On systems with a common run queue, load balancing is often unnecessary, because once a processor becomes idle, it immediately extracts a runnable process from the common run queue. It is also important to note, however, that in most contemporary operating systems supporting SMP, each processor does have a private queue of eligible processes. There are two general approaches to load balancing: push migration and pull migration. With push migration, a specific task periodically checks the load on each processor and—if it finds an imbalance—-evenly distributes the load by moving (or pushing) processes from overloaded to idle or less-busy processors. Pull migration occurs when an idle processor pulls a waiting task from a busy processor.
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Push and pull migration need not be mutually exclusive and are in fact often implemented in parallel on load-balancing systems. For example, the Linux scheduler (described in Section 5.6.3) and the ULE scheduler available for FreeBSD systems implement both techniques. Linux runs its load- 5.4 Multiple-Processor Scheduling 171 balancing algorithm every 200 milliseconds (push migration) or whenever the run queue for a processor is empty (pull migration). Interestingly, load balancing often counteracts the benefits of processor affinity, discussed in Section 5.4.2. That is, the benefit of keeping a process running on the same processor is that the process can take advantage of its data being in that processor's cache memory.
By either pulling or pushing a process from one processor to another, we invalidate this benefit. As is often the case in systems engineering, there is no absolute rule concerning what policy is best. Thus, in some systems, an idle processor always pulls a process from a non-idle processor; and in other systems, processes are moved only if the imbalance exceeds a certain threshold.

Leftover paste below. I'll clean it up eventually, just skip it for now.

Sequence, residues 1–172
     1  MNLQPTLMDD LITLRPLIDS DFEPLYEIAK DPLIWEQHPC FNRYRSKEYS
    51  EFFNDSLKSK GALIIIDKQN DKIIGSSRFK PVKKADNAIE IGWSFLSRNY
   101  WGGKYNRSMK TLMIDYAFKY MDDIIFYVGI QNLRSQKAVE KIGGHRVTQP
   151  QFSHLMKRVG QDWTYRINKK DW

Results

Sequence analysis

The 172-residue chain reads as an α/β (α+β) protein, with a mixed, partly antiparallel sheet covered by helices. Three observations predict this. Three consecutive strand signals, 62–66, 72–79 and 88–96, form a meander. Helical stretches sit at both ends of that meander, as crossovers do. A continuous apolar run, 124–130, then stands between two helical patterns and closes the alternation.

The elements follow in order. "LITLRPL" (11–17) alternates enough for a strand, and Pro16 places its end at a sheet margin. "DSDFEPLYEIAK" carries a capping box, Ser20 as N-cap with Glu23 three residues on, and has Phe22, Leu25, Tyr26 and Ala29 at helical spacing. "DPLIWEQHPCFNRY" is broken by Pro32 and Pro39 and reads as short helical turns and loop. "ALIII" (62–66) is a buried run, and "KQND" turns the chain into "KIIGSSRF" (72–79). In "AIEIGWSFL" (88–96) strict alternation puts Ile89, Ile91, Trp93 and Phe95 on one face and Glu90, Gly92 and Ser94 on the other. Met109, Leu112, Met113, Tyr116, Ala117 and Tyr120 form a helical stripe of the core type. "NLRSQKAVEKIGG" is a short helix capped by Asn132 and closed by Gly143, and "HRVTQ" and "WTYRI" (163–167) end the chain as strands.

SMP systems allow several threads to run concurrently by providing multiple physical processors. An alternative strategy is to provide multiple logical— rather than physical—processors. Such a strategy is known as symmetric multithreading (or SMT); it has also been termed hyperthreading technology on Intel processors. The idea behind SMT is to create multiple logical processors on the same physical processor, presenting a view of several logical processors to the operating system, even on a system with only a single physical processor. Each logical processor has its own architecture state, which includes general-purpose and machine-state registers. Furthermore, each logical processor is responsible for its own interrupt handling, meaning that interrupts are delivered to—and handled by—logical processors rather than physical ones. Otherwise, each logical processor shares the resources of its physical processor, such as cache memory and buses.
Figure 5.8 illustrates a typical SMT architecture with two physical processors, each housing two logical processors. From the operating system's perspective, four processors are available for work on this system. It is important to recognize that SMT is a feature provided in hardware, not software. That is, hardware must provide the representation of the architecture state for each logical processor, as well as interrupt handling. Operating systems need not necessarily be designed differently if they are to run on an SMT system; however, certain performance gains are possible if the operating system is aware that it is running on such a system.
For example, consider a system with two physical processors, both of which are idle. The scheduler should first try scheduling separate threads on each physical processor rather than on separate logical processors on the same physical processor. Otherwise, both logical processors on one physical processor could be busy while the other physical processor remained idle.